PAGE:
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Booleans in conditional statements.  RSS feed

 
Gavin Tranter
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Hi all.
Not sure if this is the right place... but anyway.

I was just about to write (in a document) that a Boolean in a conditional expression would improve performance over the use of an expression.
For example:


Then I was going to ask if it really is more efficent to use a boolean, but I think in posing my question I have answered it for myself.
Here goes:

All conditional expressions should evaluate to a boolean value.
In using an expression to control the conditional statement above, the expression must first be evaulated to a TRUE or FALSE boolean, and then the conditianal statement (if) most be evaluated.
So by using a boolean rather then an expression in the conditional statement, I am "skipping" to evaluating the conditional statement, rather then the expression and the statement. Thus it is more efficnet to use a boolean where possible. I hope?

Thanks
Gavin
 
Joanne Neal
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Originally posted by Gavin Tranter:
So by using a boolean rather then an expression in the conditional statement, I am "skipping" to evaluating the conditional statement, rather then the expression and the statement. Thus it is more efficnet to use a boolean where possible. I hope?


But you would still have to set your boolean variable somewhere and this would be done by executing a statement.

You do realise that in your first example, x will always be false, so it could be optimised even more to just


In your second example you have the choice of either doing it as you have done or you could evaluate the statement first and then test the result

However, I think this would only make a difference in performance if you are testing the result several billion times in your program.

Or have I completely misunderstood your question ? If so, can you post a clearer example.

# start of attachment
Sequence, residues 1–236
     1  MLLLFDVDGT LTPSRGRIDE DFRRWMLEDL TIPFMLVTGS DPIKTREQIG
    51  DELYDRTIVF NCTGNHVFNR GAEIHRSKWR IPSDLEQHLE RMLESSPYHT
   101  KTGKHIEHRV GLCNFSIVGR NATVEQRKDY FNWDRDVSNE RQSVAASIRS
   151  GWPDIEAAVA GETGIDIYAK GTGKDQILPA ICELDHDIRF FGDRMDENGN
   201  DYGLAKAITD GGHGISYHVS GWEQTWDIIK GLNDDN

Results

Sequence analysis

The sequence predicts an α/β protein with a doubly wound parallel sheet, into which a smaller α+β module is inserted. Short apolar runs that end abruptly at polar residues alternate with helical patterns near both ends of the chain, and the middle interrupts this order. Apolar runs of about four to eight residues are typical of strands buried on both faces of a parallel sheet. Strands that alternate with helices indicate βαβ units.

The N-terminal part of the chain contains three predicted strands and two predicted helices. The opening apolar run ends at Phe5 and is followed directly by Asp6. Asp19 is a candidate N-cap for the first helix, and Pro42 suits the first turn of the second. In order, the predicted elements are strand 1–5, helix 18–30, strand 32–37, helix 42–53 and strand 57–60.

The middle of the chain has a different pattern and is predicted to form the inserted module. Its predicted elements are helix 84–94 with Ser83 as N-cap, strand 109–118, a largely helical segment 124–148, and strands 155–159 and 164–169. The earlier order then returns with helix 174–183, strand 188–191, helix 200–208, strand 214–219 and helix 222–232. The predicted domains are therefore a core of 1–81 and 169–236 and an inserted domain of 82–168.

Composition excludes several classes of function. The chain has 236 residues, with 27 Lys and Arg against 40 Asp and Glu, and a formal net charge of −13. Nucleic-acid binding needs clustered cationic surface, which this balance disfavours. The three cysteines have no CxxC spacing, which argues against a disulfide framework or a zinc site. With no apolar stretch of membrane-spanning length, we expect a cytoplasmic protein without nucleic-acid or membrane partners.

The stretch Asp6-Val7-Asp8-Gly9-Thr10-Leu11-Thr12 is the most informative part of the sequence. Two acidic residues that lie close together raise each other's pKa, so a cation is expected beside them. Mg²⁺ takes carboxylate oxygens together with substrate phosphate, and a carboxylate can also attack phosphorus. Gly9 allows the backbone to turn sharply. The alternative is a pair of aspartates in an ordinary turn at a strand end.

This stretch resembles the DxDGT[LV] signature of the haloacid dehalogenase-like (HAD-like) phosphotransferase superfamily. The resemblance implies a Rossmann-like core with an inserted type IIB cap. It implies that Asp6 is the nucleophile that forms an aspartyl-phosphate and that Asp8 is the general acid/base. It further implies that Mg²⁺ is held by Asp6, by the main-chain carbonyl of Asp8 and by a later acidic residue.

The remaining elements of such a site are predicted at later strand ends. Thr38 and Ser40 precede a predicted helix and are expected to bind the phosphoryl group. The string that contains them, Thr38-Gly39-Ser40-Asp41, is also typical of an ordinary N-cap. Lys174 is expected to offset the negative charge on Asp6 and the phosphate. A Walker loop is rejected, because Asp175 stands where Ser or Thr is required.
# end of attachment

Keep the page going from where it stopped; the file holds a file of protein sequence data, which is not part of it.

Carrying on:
Gavin Tranter
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Hi Joanne, No I dont think you have miss understood my question.

The values for both the boolean and the char would be comming for a DB, so the cost of each would be roughtly equal.
It could be that we have several million rows in that DB table.

I am trying to argue that using a char (Y and N) as a boolean value in a DB is "bad" for a number of reasons, one of them being the evaluation outlined above.

Sorry about the confussing code example, it was there just to show the two types of conditional statement I was talking about, I was confusing myself so i figured an example might clear things up for everybody, esp me.

A clearer example might be:


Gavin
[ March 05, 2007: Message edited by: Gavin Tranter ]
 
Ernest Friedman-Hill
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So your question reduces to "does evaluating an expression like "x == 'N'" take zero time?" and the answer is, of course, no. Evaluating an expression takes a finite amount of time. But as Joanne says, it's an infinitesimal amount of time, so little time that you should not worry about unless it's inside the tightest of loops, to be executed billions of times, where every instruction counts. In the typical case, as for most code, the most important consideration is clarity. And that said, if a database supports a boolean type, and you're storing a Boolean value, then use the boolean type rather than a char column containing 'Y' or 'N' not because it's faster, but because it's clear, unambiguous, and requires no documentation of a convention.